Talking Down?

  • Abid Bashir
  • Publish Date: Jan 25 2017 8:34PM
  • |
  • Updated Date: Jan 25 2017 8:34PM
Talking Down?

                                 Illustration by Suhail Naqshbandi/KI     

J&K police has started “quality counselling” of young protesters to help curb stone pelting

 

In Kashmir, stone pelting has been a popular tool of protest and resistance since at least the 1931 revolt against the autocratic Dogra ruler Hari Singh. And over the past decade or so, it has come to define the Azadi movement.

Unsurprisingly, the state has sought ways to tackle stone pelting, which has all but become integral to protests since the Amarnath land agitation in 2008. Over the five months of the latest uprising triggered by the killing of militant leader Burhan Wani last July, more than 100 incidents of stone throwing were reported on an average every day, according to records kept by the Jammu & Kashmir police.

After the third month, though, the frequency and intensity of stone pelting came down significantly. What caused this decline? Not fatigue, the police claims, its “strategy” made the difference. Primarily, this strategy involved mass detention of suspected stone throwers, nearly 12,000 of them by one independent estimate – young, aged and even minors. The police, however, claims to have held no more than 7,000 people, most of whom it says were released after “quality counselling”.

That's the second part of the strategy – counselling. The police claims that this initiative has evoked “total response” from the youth and their parents. So far, about 5,600 people, police records show, have received counselling from police officers and doctors at the Police Hospital in Srinagar. “In some serious cases, we provided counselling through experts to the youth who were habitual stone pelters,” says a police officer posted in old Srinagar. He, however, refuses to divulge whether the experts were from within J&K or outside.

Another officer says counselling is emerging as a crucial tool in the police's “comprehensive policy” to prevent stone pelting. “First, we categorised the stone pelters into groups – A+, A, B, AB, minors and students. We even saw cases where youth have been involved in stone pelting from as far back as 2008 and many are facing more than five FIRs,” the officer, who is involved with the counselling project, says. “We do intense counselling of the youth who are habitual stone pelters.”

This is how it works, according to the officer. The police call the parents of the suspect to the local police station and try to find out why he took to stone pelting. “No doubt there is anger. We tell stone pelters during the first rounds of counselling that they can register their anger or protest through peaceful meas. We assure them that in a democracy there is a scope for peaceful protests, and arson, attacking cops or police stations would invite tough action, which could result in the loss of life,” the officer explains.

The stone pelter is then assigned to a category and counselled accordingly. “For instance, students who are active stone pelters are told that their careers are most important and resorting to violent means of protest can destroy their careers,” the officer says. “Many youth who are in school or college say they are angry and want resolution of the Kashmir issue. Some express anger against the police, accusing cops of committing atrocities. We tell them that they were free to hold peaceful demonstrations, but stone throwing needs to be avoided. Nine out of ten youth agree to avoid stone pelting.”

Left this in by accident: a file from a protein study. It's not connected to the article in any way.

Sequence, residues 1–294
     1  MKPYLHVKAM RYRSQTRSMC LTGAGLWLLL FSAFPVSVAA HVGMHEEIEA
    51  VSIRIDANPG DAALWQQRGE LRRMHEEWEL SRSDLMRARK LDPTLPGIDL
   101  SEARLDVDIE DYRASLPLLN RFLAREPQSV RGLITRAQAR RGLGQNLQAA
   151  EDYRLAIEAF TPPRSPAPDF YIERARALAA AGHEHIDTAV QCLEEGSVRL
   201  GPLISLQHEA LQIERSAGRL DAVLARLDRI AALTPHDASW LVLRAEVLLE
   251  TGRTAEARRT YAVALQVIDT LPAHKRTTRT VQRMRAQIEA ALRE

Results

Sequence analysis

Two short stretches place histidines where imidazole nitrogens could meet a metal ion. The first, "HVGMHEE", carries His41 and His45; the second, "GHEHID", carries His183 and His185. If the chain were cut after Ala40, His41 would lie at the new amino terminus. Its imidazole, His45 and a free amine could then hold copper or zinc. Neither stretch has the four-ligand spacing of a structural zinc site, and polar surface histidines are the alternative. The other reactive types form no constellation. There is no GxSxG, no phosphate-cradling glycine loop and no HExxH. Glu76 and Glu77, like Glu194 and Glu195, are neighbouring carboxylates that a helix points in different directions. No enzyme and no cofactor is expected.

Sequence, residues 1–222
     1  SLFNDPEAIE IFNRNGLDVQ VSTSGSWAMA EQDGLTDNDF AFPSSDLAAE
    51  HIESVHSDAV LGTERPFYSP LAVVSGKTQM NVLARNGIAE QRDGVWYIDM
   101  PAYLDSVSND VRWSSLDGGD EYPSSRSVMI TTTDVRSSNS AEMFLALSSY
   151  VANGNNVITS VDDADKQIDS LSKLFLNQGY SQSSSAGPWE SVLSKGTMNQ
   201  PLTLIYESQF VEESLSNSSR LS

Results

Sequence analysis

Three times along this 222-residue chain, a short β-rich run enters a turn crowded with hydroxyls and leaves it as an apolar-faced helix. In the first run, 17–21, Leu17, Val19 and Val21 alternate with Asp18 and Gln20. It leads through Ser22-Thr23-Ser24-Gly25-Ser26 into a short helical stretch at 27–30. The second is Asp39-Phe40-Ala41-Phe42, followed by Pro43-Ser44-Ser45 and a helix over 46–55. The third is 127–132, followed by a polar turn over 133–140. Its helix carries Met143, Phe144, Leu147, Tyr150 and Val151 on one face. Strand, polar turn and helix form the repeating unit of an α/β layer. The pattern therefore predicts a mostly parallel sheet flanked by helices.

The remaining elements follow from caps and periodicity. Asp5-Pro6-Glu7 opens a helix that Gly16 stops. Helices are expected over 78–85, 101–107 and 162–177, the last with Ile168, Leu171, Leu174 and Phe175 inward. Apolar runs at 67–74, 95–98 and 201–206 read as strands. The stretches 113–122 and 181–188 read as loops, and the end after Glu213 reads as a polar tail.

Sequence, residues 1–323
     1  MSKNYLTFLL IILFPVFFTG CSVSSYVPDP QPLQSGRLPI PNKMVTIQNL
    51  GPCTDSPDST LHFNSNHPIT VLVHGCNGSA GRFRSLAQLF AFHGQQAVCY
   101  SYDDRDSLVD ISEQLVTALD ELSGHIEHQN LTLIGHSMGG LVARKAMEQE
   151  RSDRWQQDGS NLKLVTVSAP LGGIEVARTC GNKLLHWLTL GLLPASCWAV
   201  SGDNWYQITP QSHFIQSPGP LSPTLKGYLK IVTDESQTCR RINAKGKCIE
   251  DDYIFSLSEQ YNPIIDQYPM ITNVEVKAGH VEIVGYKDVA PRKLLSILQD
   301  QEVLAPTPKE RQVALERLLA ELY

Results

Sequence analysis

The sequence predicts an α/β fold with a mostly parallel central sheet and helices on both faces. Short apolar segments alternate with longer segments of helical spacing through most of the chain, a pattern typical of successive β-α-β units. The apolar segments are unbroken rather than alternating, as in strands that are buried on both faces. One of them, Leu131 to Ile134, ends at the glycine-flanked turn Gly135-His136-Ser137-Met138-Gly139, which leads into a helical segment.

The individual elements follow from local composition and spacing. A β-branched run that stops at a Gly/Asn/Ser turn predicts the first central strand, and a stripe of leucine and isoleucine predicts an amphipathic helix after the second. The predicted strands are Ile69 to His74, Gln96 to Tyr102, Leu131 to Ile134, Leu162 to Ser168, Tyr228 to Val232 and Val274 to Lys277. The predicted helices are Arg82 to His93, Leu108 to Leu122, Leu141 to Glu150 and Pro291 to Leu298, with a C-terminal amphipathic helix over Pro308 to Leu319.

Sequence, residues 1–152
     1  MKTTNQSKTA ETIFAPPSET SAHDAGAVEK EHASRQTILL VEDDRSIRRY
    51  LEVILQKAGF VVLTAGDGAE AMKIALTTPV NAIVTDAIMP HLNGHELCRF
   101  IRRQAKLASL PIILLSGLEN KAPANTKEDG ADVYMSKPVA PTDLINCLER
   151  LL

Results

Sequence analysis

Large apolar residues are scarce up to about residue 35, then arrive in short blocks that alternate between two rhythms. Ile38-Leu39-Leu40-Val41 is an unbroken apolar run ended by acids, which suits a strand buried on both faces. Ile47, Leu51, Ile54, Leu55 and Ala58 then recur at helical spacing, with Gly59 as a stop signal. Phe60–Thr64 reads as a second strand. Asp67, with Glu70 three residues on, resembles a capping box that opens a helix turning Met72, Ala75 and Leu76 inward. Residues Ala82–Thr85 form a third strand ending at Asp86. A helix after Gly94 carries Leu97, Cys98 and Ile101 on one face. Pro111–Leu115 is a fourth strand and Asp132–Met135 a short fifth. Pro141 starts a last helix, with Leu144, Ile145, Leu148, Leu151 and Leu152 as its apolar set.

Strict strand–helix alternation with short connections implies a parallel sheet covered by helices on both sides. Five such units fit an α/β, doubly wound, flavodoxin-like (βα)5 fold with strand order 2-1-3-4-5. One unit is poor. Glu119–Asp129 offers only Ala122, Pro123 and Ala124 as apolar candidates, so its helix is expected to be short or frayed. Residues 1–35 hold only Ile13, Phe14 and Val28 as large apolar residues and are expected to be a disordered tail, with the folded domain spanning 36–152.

Minors are counselled in front of their parents. “Some youth have family problems that push them on to the streets. But a large section of the youth that we have counselled so far maintained that civilian killings and arrests should be stopped forthwith and peaceful means of protests be allowed in a true sense,” the officer says. “We made them understand who benefits from the burning of police stations, schools and government buildings.”

There are many stone pelters, suspected and otherwise, who aren't too keen about the police's counselling. “They have multiple FIRs against them. They get bail in one case and we detain them for another. Then they manage bail for that also and we book them in another case. The process is on. It seems stone pelting is their addiction,” they say.

The cases of such people, Director General of Police S P Vaid claims, are under review. “There is a very small number of youth who are lodged in various police stations now. We have released a majority of them,” he says. Crediting the police's “quality counselling” for the decline in stone pelting, he says, “I hope youth who received counselling will not indulge in violent protests again.”

But by putting the focus on the youth, are Vaid and his officers sidestepping the root causes of the violence? As Naveed Hussain, a Kashmir University student from Pulwama in south Kashmir, the epicentre of last year's unrest, points out, the protests were for the most part peaceful when they began. “It was after the police and other government forces prevented people from reaching the venue where rallies were being organised that clashes broke out,” he says.

“You can’t deny that Kashmir is a political problem that needs an immediate solution to prevent further bloodshed,” Naveed adds. “The claims of allowing peaceful protests by the state have turned out hollow so far. It is the sentiment that brings youth to the streets; they are not doing it for fun. There is genuine anger among them as was admitted by various central delegations that visited Kashmir after last year’s uprising.”